An Atlas of African Affairs

By Andrew Boyd; Patrick Van Rensburg | Go to book overview
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26. Ruanda-Urundi

Nearly 5 million people inhabit this small mountainous region just south of the Equator. The population density averages 200 per square mile, in some areas rising to 380. Although remote and land- locked, Ruanda and Urundi have developed a thriving export trade in coffee, which is grown on the high slopes by the Africans themselves (in 1959 there were only 6,500 Europeans and 2,500 Asians there).

Formerly German territory (30), Ruanda-Urundi passed to Belgium under League of Nations mandate in 1919; after 1945 the mandate became a trusteeship under the United Nations. Belgium linked it with the Congo, but treated it separately for many purposes. As Germany had done, Belgium recognized the authority of the traditional ruler ( Mwami) of each of these two interlacustrine (25) states. The (Banya-)Ruanda had a tighter central organization than the (Ba-)Rundi, whose Mwami was and is more of a titular ruler surrounded by powerful local chiefs.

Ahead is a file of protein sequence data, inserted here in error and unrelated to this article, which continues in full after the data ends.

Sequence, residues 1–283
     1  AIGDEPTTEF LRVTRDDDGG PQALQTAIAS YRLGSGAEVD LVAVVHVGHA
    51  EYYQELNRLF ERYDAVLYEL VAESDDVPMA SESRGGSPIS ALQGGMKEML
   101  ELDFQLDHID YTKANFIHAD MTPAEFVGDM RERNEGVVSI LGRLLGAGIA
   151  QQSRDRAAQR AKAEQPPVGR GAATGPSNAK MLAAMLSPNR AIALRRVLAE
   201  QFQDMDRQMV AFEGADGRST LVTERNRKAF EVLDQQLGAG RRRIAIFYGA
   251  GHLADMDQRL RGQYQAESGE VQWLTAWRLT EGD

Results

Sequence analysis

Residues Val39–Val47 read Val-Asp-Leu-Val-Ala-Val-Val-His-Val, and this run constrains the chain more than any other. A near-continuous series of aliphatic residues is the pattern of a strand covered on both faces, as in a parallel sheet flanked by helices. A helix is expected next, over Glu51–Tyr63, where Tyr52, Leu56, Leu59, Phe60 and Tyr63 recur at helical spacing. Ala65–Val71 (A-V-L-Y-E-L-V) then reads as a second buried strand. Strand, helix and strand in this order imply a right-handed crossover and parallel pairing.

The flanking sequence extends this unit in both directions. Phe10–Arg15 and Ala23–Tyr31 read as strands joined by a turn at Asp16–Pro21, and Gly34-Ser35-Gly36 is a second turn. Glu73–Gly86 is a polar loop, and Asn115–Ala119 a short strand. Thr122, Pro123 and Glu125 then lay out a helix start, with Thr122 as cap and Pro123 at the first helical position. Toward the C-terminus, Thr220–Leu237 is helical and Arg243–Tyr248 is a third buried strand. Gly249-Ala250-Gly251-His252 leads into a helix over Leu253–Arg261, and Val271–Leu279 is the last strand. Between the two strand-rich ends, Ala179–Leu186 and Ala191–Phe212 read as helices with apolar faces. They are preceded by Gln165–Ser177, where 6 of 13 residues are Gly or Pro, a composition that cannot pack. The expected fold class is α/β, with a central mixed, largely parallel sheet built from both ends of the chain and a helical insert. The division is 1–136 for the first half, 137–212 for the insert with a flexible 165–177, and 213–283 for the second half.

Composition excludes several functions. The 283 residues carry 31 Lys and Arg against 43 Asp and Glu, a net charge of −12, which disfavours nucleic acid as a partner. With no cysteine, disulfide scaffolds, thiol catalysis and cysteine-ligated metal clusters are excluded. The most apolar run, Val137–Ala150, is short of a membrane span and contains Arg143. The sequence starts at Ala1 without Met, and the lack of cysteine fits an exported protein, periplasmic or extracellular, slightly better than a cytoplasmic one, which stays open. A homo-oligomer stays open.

Even more than other interlacustrine monarchies, Ruanda and Urundi were marked by a clear distinction between a dominant minority -- about one-sixth of the population -- here known as (Wa-)Tutsi and conspicuous for the height that reveals their Nilotic origins, and the Bantu majority (known as (Ba-, Wa-)Hutu). The Tutsi, a cattle-owning aristocracy, did not let their pastoral tradition stop them from getting the lion's share of the coffee profits, though the Hutu did the work. In 1959 the Hutu of Ruanda rose against their masters, and about a quarter of the Tutsi fled into Kivu, Uganda and Tanganyika, or took refuge in less disturbed parts of their own country. Urundi remained quiet, and there seem prospects of Tutsi and Hutu working together there for political progress. But in Ruanda there was still tension in 1961 between the main Hutu party, Parmehutu, and the unreconciled Tutsi factions, with which the exiled Mwami aligned himself. While both called for independence from Belgian rule, the Tutsi demanded it at once, hoping that they could then restore their domination, while the Hutu radicals wanted time to organize first. Parmehutu won elections held under UN supervision in 1961. Meanwhile the situation had been complicated by the collapse of order in the ex-Belgian Congo (23), the arrival of Belgian refugees from Kivu, and the involvement of Belgians in Ruanda-Urundi in the Congolese factions' struggle for control of Bukavu, just across the border.

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